Pegasus and Penalties

Pegasus is a horse that has bolted because there was no stable door to close in the first place.

The spyware, which can be used to record and extract information from smartphones and other devices undetected and without penalty, is a critical threat to progressive politics around the world. We can’t rely on nation-states to contain the threat, because national governments are one of the key drivers of surveillance techniques, which are nearly always eventually used against their own citizens in order that the government of the day maintains power. Do not fool yourself that the major powers, democratic or otherwise, will not obtain illicit information gathered by Pegasus, covertly or secondhand from oppressive regimes, and misuse it for political purposes.

If the Internet community of commercial interests and general users, which comprises nearly all of us, can’t penalise and shut down Pegasus, we all ultimately lose. Privacy of communications is one of the core values of the internet, and Pegasus is the latest formidable challenge. It comes at a time when climate change activists and progressive politicians are fighting a desperate battle against climate change, time, and populist politicians. If they, and the journalists who report their actions, are outmanoeuvred or intimidated, jailed or murdered, the course of human history is changed for the worse. It is not a stretch to say that political will to create global climate change policy, for example, is dependent on secure electronic communications. But so is secure internet facilitated commerce. And this gives internet-based commerce the right to support international human rights policy on the right to privacy of communications that already exist, by acting against Pegasus and its owner Israeli firm NSO Group, to shut down use of the spyware.

This is a problem that requires immediate action and penalties – the argument that the spy software has been sold for legitimate uses to intelligence agencies, law enforcement agencies, and military, in vetted government bodies, has been exposed as a cover-up for purchasers doing whatever they want.

Challenges to privacy of communications are as old as the internet itself. In 1996, a Paper titled Government, Cryptography and the Right to Privacy, written by Peter Gutmann and myself, was the first publication to address the issue of challenges to privacy online. It was a time when governments sought to have access to encrypted communications, a battle which continues today. In that paper, we laid out evidence that governments have always sought to spy upon and thus control their citizens. We argued that unfettered use of cryptography was the only way to protect commerce, political freedom, and the right to privacy of individuals.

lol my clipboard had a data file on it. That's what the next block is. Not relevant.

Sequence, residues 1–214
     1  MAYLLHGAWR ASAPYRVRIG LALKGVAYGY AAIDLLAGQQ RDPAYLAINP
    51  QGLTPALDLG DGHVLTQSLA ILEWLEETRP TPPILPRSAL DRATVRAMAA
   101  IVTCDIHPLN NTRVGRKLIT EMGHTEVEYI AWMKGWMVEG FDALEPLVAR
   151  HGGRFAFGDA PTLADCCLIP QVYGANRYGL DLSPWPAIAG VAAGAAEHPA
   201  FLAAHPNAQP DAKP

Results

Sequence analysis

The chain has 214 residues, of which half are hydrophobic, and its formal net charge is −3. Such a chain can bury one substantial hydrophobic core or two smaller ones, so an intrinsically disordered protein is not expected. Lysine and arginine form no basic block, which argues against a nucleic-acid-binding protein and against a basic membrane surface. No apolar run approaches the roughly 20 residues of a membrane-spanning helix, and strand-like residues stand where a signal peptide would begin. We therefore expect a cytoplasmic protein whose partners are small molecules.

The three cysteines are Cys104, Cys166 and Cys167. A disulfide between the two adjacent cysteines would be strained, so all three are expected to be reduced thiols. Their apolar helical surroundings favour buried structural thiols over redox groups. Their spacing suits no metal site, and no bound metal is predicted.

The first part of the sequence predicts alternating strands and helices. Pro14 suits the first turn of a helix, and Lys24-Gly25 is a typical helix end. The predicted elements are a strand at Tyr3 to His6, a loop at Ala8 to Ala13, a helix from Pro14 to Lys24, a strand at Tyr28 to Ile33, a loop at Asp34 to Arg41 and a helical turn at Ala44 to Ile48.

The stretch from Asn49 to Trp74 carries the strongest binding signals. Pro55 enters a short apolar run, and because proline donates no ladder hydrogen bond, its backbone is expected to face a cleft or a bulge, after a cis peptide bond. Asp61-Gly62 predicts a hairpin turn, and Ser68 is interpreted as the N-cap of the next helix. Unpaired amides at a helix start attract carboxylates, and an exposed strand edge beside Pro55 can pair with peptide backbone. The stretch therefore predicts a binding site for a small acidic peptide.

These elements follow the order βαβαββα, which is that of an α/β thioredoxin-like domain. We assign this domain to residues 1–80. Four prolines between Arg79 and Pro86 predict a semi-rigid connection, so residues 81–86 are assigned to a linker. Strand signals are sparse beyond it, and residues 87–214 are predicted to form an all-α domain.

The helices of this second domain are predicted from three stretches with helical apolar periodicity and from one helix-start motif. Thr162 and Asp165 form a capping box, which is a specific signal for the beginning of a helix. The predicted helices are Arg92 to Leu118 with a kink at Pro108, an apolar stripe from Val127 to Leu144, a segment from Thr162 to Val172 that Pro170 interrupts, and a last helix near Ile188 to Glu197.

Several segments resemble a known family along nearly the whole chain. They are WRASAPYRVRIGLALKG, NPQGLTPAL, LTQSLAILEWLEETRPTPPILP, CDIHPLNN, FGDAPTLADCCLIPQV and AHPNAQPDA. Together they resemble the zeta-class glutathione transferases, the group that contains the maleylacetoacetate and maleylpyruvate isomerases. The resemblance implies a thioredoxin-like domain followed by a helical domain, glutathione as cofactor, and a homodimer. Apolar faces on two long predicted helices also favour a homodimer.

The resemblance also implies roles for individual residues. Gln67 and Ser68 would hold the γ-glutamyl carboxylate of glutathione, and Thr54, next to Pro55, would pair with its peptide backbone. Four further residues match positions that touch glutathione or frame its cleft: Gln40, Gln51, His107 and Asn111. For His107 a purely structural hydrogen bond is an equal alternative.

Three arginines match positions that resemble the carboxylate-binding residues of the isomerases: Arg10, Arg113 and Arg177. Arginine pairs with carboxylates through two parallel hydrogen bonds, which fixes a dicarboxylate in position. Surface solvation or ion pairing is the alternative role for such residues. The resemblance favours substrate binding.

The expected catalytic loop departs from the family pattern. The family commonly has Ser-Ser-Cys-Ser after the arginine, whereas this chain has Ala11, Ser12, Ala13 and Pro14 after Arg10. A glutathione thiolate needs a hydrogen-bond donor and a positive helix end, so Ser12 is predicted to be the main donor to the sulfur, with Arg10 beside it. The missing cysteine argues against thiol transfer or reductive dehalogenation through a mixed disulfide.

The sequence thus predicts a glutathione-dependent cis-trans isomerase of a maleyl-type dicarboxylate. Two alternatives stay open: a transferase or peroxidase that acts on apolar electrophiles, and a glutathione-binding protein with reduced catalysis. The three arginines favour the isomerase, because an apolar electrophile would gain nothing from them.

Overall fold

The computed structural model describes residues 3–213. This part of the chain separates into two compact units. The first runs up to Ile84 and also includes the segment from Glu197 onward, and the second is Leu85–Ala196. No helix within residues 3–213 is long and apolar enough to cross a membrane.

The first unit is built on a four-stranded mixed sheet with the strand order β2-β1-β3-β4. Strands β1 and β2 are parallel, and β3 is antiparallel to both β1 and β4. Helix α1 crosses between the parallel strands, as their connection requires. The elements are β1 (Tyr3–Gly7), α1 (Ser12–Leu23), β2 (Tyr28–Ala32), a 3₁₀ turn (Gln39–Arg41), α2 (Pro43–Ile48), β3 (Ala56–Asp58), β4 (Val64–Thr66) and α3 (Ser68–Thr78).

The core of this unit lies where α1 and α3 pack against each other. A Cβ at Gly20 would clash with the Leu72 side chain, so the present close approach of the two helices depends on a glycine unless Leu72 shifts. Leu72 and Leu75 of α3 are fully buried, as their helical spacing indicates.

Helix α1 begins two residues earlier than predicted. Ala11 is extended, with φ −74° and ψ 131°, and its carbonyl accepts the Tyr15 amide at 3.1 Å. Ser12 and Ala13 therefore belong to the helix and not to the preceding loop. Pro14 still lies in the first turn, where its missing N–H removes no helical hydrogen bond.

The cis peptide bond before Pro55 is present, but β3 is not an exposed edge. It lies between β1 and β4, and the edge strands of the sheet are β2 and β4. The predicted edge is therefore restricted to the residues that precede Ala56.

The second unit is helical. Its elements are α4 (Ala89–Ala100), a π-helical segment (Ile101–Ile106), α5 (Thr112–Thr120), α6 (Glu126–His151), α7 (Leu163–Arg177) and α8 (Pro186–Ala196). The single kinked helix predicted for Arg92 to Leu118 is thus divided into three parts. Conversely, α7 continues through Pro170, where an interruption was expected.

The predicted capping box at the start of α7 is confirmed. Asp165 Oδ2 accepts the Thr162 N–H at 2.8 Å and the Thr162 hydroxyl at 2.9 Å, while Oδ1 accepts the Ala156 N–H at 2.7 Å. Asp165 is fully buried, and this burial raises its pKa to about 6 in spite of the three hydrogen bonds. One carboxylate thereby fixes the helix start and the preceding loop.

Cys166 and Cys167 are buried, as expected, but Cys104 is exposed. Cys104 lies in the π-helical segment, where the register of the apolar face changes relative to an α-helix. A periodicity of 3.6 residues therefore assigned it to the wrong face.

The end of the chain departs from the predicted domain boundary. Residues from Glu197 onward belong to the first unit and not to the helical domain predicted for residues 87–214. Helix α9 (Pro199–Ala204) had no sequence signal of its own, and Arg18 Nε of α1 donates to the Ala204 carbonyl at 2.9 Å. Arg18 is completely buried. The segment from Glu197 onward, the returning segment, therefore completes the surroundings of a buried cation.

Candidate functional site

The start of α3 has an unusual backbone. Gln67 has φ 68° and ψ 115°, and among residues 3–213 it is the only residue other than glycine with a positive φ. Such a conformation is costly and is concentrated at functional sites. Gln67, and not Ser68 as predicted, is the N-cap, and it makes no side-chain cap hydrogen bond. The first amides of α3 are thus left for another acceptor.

The background of this conflict of interest by national governments feeds into the likelihood that Pegasus, and hacking software like it, will continue to be used in the background, rather than be vigorously investigated and outlawed. It appears that Pegasus has been developed legally more or less in plain sight. It is hacking software developed by an Israeli surveillance firm, which has sold it on the basis that it will be used to catch terrorists and criminals. The software can be used to extract to extract messages, photos, and emails, record calls and secretly activate microphones from smartphones. The Pegasus Project has revealed that repressive governments have used the the software to target human rights activists, journalists, lawyers, and government leaders including French president Emanuel Macron.

Macron has been reduced to asking the Israeli government to properly investigate the allegations that he and his Cabinet have been targeted by Morocco’s security services, using Pegasus.

These intrusions will be just the start, if urgent action is not taken.

Comment from Ilia Siatitsa, Acting Legal Director, Privacy International:

NSO Group and the rest of this pernicious surveillance industry are leaving activists terrified of speaking out for fear the government is watching their every move. Governments in Israel, Europe and the United States need to stop shirking responsibility and implement a moratorium on the sale and transfer of surveillance equipment until a proper human rights regulatory framework is put in place.

The chances of this happening are slim. The fact that a human rights regulatory framework is not already in place speaks volumes. The internet community, which is us, needs to protect its core values.